Standard Schnauzer

Standard Schnauzer - More information about this breed


  • Other names Mittelschnauzer, Schnauzer, Wirehair Pinscher (obsolete)
  • Country of origin Germany
  • Weight Male 35 to 58 lb (16 to 26 kg)
  • Female 30 to 45 lb (14 to 20 kg)
  • Height Male 18 to 20 in (46 to 51 cm)
  • Female 17 to 19 in (43 to 48 cm)
  • Coat Harsh and wiry when hand stripped, soft when clippered/scissored
  • Color Pepper-and-salt, black
  • Litter size 4 to 8 pups (2 or 13 is not uncommon)
  • Life span Average 13 to 16 years


Standard Schnauzers are either salt-and-pepper or black in color, and are known for exhibiting many of the “ideal” traits of any breed. These include high intelligence, agility, alertness, reliability, strength and endurance. This breed of dog has been very popular in Europe, specifically Germany where it originated.
Distinguished by their long beards and eyebrows, Standard Schnauzers have a stiff and wiry hair coat on the body similar to that of other wirehaired breeds. Their hair will perpetually grow in length without properly shedding, but contrary to popular belief Standard Schnauzers are not hypo-allergenic and they all shed to some degree. The more wiry – and correct and weather-resistant – the coat, the more that the coat will shed, though the hair dropped from a single dog is said to be nearly unnoticeable.


Twice a year, when most other breeds of dog are shedding their coat, a Schnauzer’s coat will become dull and relatively easy to pull out and is said to have ‘blown’. At this point the coat can be stripped or pulled out by hand and a new wire coat will re-grow in its place. Stripping is not painful for the dog and can be performed at any stage of hair growth although it is easier to do when the coat is ‘blown’.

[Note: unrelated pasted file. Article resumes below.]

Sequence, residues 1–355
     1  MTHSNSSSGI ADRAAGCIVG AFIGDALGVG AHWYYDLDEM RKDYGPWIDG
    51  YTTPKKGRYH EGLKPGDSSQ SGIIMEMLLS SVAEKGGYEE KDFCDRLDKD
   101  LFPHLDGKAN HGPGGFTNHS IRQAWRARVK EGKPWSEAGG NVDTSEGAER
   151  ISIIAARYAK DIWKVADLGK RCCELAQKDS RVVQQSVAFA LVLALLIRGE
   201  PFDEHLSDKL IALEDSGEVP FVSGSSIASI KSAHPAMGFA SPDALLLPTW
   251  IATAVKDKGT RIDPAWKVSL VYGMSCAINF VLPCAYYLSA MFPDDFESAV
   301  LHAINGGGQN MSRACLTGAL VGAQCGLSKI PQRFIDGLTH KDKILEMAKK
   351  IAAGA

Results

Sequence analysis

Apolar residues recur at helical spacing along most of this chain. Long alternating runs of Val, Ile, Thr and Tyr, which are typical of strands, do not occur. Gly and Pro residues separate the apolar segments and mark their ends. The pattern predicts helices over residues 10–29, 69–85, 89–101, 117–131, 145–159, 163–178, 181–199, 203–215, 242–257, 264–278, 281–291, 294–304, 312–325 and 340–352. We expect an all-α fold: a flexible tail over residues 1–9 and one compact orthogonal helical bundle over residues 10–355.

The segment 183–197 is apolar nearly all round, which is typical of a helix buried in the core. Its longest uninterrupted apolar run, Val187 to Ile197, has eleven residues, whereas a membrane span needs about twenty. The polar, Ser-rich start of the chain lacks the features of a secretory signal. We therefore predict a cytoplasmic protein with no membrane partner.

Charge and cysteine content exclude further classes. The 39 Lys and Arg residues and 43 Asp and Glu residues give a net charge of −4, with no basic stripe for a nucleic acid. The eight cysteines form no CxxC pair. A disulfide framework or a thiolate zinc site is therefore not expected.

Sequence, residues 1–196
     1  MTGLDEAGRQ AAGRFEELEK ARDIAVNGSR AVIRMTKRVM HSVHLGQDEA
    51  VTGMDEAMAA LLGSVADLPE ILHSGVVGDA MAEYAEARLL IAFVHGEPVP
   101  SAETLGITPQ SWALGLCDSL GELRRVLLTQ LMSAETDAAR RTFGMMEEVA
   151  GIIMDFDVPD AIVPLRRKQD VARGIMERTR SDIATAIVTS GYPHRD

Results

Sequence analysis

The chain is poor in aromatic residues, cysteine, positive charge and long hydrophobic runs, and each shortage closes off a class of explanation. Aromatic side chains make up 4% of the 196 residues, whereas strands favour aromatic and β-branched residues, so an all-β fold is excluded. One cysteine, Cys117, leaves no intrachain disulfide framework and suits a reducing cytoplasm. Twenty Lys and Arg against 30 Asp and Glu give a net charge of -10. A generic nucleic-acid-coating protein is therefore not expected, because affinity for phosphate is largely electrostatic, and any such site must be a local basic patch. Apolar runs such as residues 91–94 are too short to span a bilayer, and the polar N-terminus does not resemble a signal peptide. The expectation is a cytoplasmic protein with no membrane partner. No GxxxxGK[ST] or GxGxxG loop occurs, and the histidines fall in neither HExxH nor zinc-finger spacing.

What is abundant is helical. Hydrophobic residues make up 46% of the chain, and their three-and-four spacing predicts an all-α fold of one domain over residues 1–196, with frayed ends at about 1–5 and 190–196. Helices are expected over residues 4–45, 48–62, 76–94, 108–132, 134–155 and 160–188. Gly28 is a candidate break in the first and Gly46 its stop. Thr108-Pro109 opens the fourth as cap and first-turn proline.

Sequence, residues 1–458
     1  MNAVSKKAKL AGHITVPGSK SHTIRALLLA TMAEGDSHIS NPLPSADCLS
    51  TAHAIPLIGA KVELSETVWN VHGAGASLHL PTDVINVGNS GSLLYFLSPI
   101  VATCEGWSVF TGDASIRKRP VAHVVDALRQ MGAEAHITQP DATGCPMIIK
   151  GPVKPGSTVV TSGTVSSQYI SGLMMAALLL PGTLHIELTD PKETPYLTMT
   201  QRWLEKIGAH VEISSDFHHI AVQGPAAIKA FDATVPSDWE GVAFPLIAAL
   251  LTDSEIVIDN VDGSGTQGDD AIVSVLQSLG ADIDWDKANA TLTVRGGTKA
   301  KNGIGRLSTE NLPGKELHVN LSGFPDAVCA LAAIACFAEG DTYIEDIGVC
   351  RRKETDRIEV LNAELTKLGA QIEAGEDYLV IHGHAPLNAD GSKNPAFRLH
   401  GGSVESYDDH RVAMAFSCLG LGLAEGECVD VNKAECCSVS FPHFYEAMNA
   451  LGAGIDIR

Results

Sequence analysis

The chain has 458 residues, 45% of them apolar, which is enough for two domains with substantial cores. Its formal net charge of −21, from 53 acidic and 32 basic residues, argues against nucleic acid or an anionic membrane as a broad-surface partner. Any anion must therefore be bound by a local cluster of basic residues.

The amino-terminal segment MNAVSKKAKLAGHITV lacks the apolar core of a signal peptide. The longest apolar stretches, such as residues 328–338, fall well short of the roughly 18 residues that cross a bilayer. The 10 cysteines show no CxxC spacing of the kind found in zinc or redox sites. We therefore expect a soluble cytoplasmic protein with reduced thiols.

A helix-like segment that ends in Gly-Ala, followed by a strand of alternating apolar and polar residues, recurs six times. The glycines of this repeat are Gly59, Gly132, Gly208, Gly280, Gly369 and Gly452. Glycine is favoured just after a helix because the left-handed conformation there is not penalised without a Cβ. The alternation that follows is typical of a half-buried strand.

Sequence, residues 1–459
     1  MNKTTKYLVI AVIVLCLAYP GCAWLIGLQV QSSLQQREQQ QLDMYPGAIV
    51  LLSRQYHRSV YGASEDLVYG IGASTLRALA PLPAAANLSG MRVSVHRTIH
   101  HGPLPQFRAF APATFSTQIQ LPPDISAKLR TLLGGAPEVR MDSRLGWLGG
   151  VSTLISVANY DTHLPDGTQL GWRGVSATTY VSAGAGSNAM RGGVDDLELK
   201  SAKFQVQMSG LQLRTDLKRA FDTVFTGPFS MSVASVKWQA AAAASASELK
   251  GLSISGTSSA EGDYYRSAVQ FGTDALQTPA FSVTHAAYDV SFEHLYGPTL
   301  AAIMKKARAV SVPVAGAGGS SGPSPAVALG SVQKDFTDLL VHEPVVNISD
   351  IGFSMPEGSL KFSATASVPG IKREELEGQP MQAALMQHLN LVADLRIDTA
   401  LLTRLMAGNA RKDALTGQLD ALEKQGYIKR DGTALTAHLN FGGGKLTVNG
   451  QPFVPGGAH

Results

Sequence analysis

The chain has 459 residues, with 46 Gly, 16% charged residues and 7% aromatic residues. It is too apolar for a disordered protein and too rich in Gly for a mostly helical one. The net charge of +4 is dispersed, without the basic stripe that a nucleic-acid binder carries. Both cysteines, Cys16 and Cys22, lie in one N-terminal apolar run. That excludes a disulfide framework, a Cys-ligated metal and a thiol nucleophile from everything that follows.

The smallest of the working breeds, the Standard schnauzer makes a loyal family dog with guardian instincts. Most will protect their home from uninvited visitors with a deep and robust bark. Originally a German farmdog, they adapt well to any climatic condition, including cold winters. In general, they typically are good with children and were once known in Germany as “kinderwachters”. If properly trained and socialized early to different ages, races, and temperaments of people, they can be very patient and tolerant in any situation. Like other working dogs, Standard Schnauzers require a fairly strong-willed owner that can be consistent and firm with training and commands.

Health Issues

Overall, the Standard Schnauzer is a very healthy breed. The 2008 health survey done by the Standard Schnauzer Club of America revealed that roughly only 1% of dogs surveyed had serious health issues. The two major hereditary within the breed are: hip dysplasia and hereditary eye disease. Both problems can be tested for and identified in breeding stock before they pass the trait onto the next generation.


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